As I started back into the living room area Leonard said, “Good dog. Next you’ll be off the newspapers and using the yard.”

  “That’s my goal.”

  I sat down on the couch, the far end from Leonard, who had kicked off his shoes and was stretching his legs out.

  “I can’t see what Brett sees in you, Hap,” Leonard said.

  “It’s the parts you don’t see,” I said.

  “Nor do I want to.”

  “I’m thinking, maybe,” I said, “you didn’t really come over here to interrupt my sex life and have milk and cookies.”

  “I’m having Dr Pepper,” Leonard said. “Dr Pepper that you got special just for me.”

  “Go to hell, Leonard.”

  “You’re right, Hap,” Marvin said. “We didn’t come over to have milk and cookies. It’s a little more complicated than that.”


  We finished up our milk and cookies, Leonard his Dr Pepper and cookies, then Brett went upstairs to bed. The treat she offered me would have to be held in abeyance. I considered the delay Leonard’s fault, and gave him a black mark on my mental chalkboard. No star for you, asshole. Next time I’d get RC instead of Dr Pepper, see how that pulled his chain, maybe get some of those nasty coconut cookies he hated. I hated them too, but the punishment was worth consideration.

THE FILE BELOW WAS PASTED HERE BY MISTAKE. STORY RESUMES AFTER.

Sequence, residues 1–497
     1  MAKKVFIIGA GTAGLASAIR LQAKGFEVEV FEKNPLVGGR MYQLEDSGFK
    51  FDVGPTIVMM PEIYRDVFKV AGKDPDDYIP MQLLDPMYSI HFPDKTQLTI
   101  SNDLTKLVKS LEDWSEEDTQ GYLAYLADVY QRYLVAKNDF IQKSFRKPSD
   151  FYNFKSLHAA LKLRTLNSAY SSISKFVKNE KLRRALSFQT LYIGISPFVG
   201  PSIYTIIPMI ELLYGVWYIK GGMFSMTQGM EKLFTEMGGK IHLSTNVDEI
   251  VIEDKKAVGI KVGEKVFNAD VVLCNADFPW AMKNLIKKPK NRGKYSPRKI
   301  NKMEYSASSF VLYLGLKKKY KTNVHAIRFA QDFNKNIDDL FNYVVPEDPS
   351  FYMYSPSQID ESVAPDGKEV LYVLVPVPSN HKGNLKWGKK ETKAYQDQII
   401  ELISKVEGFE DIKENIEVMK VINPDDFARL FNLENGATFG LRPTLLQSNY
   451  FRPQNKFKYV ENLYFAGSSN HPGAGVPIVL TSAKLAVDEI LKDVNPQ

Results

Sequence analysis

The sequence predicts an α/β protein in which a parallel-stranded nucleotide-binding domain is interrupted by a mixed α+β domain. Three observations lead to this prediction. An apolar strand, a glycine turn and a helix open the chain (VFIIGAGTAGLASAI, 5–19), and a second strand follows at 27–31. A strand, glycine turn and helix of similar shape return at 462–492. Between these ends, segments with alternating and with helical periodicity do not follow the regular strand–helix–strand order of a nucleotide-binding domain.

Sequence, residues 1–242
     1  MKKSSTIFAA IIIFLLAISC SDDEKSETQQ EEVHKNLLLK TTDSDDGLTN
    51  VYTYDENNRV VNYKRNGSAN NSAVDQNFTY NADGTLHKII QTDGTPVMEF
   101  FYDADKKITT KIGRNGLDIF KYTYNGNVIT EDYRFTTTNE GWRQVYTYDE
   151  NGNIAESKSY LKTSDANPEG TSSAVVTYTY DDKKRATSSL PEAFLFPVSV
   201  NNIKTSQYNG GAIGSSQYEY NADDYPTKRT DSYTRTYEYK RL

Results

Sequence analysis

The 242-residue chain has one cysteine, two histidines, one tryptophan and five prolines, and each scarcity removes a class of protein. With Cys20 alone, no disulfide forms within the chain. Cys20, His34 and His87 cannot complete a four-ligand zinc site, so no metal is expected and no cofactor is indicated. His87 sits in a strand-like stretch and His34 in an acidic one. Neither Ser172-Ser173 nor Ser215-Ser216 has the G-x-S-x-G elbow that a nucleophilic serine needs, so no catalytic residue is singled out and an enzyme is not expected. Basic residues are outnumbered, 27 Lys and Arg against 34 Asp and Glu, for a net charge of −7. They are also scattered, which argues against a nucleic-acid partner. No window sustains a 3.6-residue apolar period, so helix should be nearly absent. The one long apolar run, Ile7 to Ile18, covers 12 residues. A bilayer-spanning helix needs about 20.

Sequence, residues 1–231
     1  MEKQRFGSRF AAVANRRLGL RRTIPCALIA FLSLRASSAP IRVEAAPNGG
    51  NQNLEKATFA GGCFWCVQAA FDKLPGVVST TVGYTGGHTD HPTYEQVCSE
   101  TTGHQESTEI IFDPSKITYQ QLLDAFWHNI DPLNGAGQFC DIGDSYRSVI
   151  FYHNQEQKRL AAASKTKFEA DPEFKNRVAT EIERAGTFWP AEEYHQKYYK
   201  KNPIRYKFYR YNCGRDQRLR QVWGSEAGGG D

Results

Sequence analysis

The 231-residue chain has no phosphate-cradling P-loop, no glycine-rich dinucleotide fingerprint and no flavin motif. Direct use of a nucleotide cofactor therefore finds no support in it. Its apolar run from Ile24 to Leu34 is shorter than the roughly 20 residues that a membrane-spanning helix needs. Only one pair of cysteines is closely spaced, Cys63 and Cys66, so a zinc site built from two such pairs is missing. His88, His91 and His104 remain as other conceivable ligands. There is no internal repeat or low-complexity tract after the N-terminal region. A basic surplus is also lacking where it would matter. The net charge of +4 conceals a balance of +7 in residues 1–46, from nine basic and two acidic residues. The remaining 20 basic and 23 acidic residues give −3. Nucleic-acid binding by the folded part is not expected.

We went out in the yard to talk so Brett wouldn’t be bothered by our big mouths. She had bought some metal lawn chairs and put them out there, and I kept expecting to come out some morning and find they’d been chair-napped, as our part of the neighborhood was getting bad. Used to, you could leave your wallet on the porch swing and no one would bother it. These days, you left a cheese grater out, someone would steal the holes.

  It was a nice night and there weren’t too many lights on our street, and the sky was clear so you could look up through the limbs of the elm tree at the edge of the yard and see stars. It was too cool for crickets and there wasn’t any traffic on the road out front. The air smelled fresh and a little sweet, like a baby’s breath, and in that moment I was glad we lived there in that house with that yard and that big elm, in what the old books about the South used to call genteel poverty.

  After seating ourselves in the lawn chairs, I crossed my legs and dangled a bunny shoe.

  Leonard said, “Man, you could have at least put on pants. That robe is a little too peekaboo.”

  “My motto,” I said, “is if you’ve got it, flaunt it.”